How two Ukrainian art dealers saved valuable paintings

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It was a rescue operation that reads like the plot of a war thriller: a Ukrainian art dealer and gallery owner risk their lives to save works of art from the embattled city of Kyiv. They did not do this on behalf of the government or any other organization, but on their own initiative as art lovers. Katharina Vozianova and Oleksandr Shchelushchenko tell DW how they managed to bring the artworks to Germany.

‘It was very scary’

Ukrainian art dealer Katharina Vozianova spontaneously fled her home in Kyiv in February without a plan for her artworks. “When the war started, I jumped into my car with three other people and drove off. I only had a small suitcase and a small painting by Ievgen Petrov with me,” she says.

Before the war she worked with various galleries in Kyiv and London, dealing in contemporary and avant-garde art. She never thought her life would change so quickly.

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Actually, she had already planned her next big exhibition with works by the Ukrainian painter Ievgen Petrov with the gallery owner Oleksandr Shchelushchenko. Dozens of his artworks were already stored in Shchelushchenko’s TSEKH gallery in Kyiv.

The war changed everything

After a short stay in Munich, Vozianova returned to her hometown. She didn’t want to lose her art to the war.

Shchelushchenko recalls Catherine’s return. “She suggested that we take our artwork to Germany, where she is well connected. She would transport the art as a courier and organize everything that goes with it.”

And so the two set off on their bold rescue mission. While the Russian army was attacking Kyiv, Shchelushchenko drove to his gallery and took the paintings out of the frames. “When I came to Kyiv on March 7th, the atmosphere was very aggressive. Kyiv was bombed, there were bombings around the gallery,” he says. He was assisted by armed helpers. “We came with weapons and special protective clothing.”

“Act Quickly or Die”

Shchelushchenko learned to appreciate new things during the rescue operation. “It was very interesting for me to see that everything has to happen very quickly in war. There’s no time for ‘Oh, I like that. Oh, but I don’t like that.’ You don’t have time for sensitivities. Either you act fast or you die.”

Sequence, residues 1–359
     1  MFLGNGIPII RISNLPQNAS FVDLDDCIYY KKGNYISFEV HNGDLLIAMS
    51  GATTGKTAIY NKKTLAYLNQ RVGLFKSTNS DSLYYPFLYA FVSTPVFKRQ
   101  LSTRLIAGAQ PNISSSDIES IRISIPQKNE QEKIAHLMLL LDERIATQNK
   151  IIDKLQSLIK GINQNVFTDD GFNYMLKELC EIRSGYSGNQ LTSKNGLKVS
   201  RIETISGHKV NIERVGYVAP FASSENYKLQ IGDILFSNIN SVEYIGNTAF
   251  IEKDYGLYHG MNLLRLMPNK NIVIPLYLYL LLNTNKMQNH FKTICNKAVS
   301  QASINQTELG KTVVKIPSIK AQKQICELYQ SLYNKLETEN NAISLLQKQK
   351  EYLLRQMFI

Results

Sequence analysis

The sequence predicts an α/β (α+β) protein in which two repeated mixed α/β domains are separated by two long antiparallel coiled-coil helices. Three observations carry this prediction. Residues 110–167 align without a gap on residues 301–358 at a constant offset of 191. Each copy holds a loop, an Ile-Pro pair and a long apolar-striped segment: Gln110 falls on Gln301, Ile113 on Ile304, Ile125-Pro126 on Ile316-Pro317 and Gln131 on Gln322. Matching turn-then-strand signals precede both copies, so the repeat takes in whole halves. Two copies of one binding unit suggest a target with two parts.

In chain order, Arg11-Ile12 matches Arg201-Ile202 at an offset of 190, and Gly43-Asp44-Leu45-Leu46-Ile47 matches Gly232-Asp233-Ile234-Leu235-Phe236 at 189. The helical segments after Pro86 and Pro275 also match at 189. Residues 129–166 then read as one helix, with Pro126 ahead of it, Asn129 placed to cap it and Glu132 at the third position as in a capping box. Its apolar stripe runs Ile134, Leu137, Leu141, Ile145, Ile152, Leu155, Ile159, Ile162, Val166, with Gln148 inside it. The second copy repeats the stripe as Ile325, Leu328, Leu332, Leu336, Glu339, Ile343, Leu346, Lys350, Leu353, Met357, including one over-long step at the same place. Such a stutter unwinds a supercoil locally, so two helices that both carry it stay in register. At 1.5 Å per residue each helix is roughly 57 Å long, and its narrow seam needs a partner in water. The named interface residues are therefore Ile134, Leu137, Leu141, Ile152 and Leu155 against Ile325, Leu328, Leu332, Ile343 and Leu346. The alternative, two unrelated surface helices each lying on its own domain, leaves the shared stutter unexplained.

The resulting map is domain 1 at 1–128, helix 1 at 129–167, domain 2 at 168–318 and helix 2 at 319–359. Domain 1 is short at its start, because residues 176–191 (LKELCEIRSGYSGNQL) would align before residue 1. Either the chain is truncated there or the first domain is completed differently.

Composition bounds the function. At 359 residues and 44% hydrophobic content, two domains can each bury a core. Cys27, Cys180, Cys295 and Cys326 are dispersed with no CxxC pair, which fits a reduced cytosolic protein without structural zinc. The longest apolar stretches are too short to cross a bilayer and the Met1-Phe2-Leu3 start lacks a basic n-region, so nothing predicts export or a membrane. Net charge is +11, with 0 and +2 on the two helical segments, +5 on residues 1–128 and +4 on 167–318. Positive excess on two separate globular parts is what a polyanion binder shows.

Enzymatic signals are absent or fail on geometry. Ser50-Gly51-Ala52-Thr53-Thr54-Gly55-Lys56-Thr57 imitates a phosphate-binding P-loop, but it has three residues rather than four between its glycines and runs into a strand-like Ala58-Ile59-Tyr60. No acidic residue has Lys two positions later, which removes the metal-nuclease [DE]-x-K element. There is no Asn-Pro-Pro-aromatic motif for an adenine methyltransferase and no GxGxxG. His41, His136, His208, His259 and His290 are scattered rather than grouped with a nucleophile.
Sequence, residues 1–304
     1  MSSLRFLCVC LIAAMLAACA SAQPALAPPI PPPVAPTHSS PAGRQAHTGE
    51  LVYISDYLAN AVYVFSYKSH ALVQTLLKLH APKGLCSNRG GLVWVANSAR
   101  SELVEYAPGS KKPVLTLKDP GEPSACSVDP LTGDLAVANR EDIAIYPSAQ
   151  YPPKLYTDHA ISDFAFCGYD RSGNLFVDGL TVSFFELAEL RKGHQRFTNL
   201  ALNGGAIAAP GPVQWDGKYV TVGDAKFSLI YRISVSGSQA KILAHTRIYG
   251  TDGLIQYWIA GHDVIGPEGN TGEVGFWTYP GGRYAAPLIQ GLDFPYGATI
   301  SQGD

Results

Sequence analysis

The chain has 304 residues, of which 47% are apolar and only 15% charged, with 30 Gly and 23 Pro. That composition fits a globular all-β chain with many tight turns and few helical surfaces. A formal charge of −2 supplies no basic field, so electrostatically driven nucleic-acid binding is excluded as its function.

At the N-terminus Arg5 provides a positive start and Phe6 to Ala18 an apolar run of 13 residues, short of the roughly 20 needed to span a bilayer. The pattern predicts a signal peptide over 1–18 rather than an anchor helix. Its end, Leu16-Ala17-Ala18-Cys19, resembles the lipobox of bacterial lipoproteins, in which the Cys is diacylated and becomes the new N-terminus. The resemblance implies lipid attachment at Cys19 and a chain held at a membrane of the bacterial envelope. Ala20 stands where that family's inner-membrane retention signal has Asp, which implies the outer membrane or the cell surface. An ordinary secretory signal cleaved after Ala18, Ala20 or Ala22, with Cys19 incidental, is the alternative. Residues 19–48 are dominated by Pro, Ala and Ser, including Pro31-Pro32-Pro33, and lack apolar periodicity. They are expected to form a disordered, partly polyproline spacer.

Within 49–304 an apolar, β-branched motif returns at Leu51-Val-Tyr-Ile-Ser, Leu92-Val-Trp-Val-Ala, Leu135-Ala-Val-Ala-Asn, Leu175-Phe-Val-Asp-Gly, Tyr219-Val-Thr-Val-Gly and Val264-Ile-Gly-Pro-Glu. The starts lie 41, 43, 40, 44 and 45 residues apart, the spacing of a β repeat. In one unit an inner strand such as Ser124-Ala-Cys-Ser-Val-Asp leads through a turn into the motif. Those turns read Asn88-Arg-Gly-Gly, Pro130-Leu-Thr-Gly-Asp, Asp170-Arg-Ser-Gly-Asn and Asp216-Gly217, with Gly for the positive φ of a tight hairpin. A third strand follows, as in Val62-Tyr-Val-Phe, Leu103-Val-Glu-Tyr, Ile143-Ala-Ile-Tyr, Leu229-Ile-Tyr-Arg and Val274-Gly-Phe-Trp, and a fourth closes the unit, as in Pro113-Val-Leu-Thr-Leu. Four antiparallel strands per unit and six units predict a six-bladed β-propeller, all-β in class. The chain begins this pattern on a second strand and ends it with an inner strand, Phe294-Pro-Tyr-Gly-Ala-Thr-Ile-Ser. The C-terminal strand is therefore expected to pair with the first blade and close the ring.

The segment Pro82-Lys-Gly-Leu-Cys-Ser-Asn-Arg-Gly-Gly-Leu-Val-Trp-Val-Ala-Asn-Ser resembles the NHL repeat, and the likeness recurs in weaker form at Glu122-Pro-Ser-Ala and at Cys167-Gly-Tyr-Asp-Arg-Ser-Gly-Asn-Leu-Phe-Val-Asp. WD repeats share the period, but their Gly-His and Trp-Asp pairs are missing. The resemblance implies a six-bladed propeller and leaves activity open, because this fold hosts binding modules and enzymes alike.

Lacking the proper packaging material, the gallerist and his helpers rolled up the artworks by contemporary artists Ievgen Petrov and Mykola Bilous and packed them in sewage pipes that protected the artworks. “There were three huge tubes, almost as tall as me,” says Vozianova.

Meanwhile, Vozianova toured Kyiv to salvage more artwork from her own apartment, collecting valuables left behind by her friends when they fled.

Then she took the packed sewer pipes from Shchelushchenko’s gallery, loaded them into her car and drove to Chernivtsi. The western Ukrainian city is about 45 minutes by car from Romania.

Suspicious tubes

Despite escaping the war, Vozianova still had to face bureaucratic challenges after reaching the Ukrainian-Romanian border. “You can’t just drive across the border. I had to provide documents proving that the paintings are not national treasures but works of contemporary art.”

She also had problems at the airport, as the security staff initially did not let her through check-in. “They saw me, a little woman with these big tubes in her arms, and they said, ‘What the hell is in there?’ And then they X-rayed it to make sure there were no guns inside.”

Around 40 paintings in Munich

The artworks survived the journey from Kyiv to Munich. What will happen to them now is still uncertain. Katharina Vozianova and Oleksandr Shchelushchenko would like to exhibit them and sell them to collectors. “We already have invitations to Berlin Art Week and Art Vienna,” says Shchelushchenko confidently.

But first, the paintings will be on display at the ARTMUC art gallery in Munich from May 13-15. After that, they will be displayed in a pop-up gallery. “The plan is to show them together with other works of art from Ukraine. We want to support the artists who are stuck in Ukraine,” says Vozianova.

The art market in the country is completely shattered. Many of the artists she represents became depressed, started drinking and stopped painting. The war weighs heavily on them, says Shchelushchenko, who left Kyiv because he no longer feels safe there. He now lives out of town taking care of his mother.

“We are in constant contact with the artists,” adds Vozianova. “Mykola Bilous is a really strong man. He told me: ‘I will protect my house and my studio, I will definitely not leave’.” Ievgen Petrov does not want to leave Ukraine either. “None of them want that.” But as soon as they change their mind, says the art dealer, “we’ll get them out again immediately.”

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